Doing this is not easy and an art in itself, but it can help you greatly in your relationships. If you always present your own perspective in your interactions, you seem self-centered and unable to recognize or accept other perspectives. Interaction can be an exchange of perspectives by giving each of the perspectives “the stage” and not judging it.
To be able to see things from the other person’s point of view, learn about their interest, fears, upbringing and desires and you will find some similar experiences you can leverage later in your interactions.
Do not condemn others
When you are condemning others, you are telling them you are not happy with something about them. Again, you are imposing your own standards and expect the others to live by them. People who live by others’ standards do not stand a chance in the social jungle, because they suffer from conflicts among the standards of the people around them.
To overcome condemning others, practice the rule, “If you have nothing nice to say, shut up!”
Do not complain
When you complain, in tells others that you are not happy and that you expect them to live by your standards, because they are the “right” ones. People who talk about the “right” thing to do have an attachment to specific outcomes and create the impression they will never be pleased.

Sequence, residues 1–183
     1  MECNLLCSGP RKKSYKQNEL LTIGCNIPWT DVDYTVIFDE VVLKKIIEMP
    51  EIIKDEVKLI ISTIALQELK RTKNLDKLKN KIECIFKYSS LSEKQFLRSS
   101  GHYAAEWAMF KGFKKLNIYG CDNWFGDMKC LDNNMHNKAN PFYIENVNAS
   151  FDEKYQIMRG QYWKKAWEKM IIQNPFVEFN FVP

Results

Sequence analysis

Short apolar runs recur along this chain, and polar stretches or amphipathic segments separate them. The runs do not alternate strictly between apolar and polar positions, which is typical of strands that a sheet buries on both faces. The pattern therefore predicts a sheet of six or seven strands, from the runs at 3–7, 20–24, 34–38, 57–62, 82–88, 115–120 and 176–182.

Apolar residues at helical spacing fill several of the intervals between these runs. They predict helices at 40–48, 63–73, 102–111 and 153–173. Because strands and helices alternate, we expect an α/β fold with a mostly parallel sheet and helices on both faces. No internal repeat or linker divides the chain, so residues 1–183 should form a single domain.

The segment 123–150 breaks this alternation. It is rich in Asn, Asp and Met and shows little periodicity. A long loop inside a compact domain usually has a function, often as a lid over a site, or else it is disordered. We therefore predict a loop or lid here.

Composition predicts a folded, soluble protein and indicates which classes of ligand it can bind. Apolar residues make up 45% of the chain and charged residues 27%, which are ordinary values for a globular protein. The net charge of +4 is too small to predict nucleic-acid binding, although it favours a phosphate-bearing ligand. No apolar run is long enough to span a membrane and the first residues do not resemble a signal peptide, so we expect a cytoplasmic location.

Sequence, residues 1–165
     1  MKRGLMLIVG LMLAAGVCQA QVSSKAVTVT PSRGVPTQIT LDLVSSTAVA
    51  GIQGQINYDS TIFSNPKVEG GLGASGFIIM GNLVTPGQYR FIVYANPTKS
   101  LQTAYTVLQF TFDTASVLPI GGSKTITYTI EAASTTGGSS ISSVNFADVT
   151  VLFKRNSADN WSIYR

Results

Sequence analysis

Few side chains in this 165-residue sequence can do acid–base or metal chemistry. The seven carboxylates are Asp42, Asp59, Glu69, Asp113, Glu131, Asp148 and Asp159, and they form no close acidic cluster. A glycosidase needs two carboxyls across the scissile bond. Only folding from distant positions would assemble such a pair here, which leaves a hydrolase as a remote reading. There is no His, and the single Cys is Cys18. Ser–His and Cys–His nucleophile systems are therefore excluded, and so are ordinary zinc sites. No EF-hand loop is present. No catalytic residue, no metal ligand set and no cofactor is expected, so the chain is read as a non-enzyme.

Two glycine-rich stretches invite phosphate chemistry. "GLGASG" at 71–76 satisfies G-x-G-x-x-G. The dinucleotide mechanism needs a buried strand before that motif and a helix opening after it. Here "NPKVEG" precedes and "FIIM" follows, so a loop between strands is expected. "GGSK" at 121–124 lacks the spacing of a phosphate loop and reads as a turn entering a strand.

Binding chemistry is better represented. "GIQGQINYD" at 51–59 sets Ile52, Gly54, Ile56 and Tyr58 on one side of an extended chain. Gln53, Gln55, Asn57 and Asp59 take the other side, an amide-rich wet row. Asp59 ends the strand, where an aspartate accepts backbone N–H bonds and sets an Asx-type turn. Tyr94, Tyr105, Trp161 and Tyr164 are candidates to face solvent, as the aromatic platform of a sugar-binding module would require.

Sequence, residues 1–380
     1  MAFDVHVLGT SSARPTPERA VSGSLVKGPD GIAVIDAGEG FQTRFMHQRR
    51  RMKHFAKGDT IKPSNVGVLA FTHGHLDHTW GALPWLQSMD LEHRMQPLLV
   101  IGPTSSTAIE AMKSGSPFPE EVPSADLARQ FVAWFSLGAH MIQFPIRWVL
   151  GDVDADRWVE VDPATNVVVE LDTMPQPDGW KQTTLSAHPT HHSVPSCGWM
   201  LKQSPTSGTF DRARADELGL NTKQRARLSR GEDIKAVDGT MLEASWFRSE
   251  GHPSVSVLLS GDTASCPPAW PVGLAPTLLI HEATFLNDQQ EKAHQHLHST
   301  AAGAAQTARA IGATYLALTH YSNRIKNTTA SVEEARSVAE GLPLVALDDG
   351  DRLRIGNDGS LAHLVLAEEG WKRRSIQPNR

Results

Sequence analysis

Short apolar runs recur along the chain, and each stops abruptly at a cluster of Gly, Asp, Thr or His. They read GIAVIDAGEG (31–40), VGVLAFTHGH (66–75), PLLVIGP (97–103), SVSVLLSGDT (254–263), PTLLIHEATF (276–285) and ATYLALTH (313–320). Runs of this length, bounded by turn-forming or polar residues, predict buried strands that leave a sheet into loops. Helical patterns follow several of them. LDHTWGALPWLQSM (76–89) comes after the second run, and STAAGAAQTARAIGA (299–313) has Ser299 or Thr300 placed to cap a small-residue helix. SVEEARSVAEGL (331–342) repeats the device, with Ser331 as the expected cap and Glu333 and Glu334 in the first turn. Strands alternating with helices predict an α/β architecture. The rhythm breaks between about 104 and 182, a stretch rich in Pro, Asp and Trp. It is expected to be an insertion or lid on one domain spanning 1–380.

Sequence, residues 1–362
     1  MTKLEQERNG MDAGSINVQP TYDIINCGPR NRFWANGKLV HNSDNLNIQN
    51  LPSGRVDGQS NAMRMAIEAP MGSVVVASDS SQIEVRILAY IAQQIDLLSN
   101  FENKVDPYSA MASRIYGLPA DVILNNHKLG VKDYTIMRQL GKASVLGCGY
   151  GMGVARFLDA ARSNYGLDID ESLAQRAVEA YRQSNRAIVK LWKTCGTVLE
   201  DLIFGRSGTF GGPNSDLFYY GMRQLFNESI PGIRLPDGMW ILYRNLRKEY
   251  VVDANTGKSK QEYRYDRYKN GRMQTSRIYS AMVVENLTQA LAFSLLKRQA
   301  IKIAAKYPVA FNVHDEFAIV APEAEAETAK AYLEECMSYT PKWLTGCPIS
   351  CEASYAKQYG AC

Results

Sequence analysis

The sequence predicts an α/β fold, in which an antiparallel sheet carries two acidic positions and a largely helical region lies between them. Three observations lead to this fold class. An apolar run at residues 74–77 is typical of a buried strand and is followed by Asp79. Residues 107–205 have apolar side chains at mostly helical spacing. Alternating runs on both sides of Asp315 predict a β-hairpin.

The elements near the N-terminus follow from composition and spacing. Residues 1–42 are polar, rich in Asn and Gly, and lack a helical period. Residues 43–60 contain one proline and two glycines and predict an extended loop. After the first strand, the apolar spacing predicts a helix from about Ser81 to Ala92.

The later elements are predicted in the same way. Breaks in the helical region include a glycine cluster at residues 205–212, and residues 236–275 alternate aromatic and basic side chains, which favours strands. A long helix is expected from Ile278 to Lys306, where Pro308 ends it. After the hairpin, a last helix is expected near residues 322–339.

To overcome the urge to complain, use the rubber band technique. Put a rubber band on your wrist and every time you complain, pull it and let it go so it snaps back on your wrist. After one day of pain, your complaining will start to shrink and your social life will start to flourish.
Stay away from critics and complainers
As a social rule, it is recommended to stay away from people who criticize, condemn and complain, because hanging around them will give you a sense of inadequacy and damage your self-esteem. Also, when others around you talks negatively and you want to belong, you are likely to join in.
It is much harder is to stay away from yourself if you are the one criticizing and complaining, but you can change your routine and keep away from setting that trap you in this mode.
Learn people’s names
The most pleasant word to anyone is their own name. Everyone likes to hear their name, because it makes them immediately more wanted and more important. If you remember people’s names and use them in conversation, they feel special and want to keep spending time with you.
Show sincere appreciation
Find reasons to show your appreciation and be generous with praise. Everyone likes to hear good things about themselves. People with social skills understand that praising others is an act of kindness and by giving, they receive. When you praise or appreciate others, they will tend to do the same to you and will share their experiences with you.
Be genuinely interested in other people
[Note to those who attend networking functions]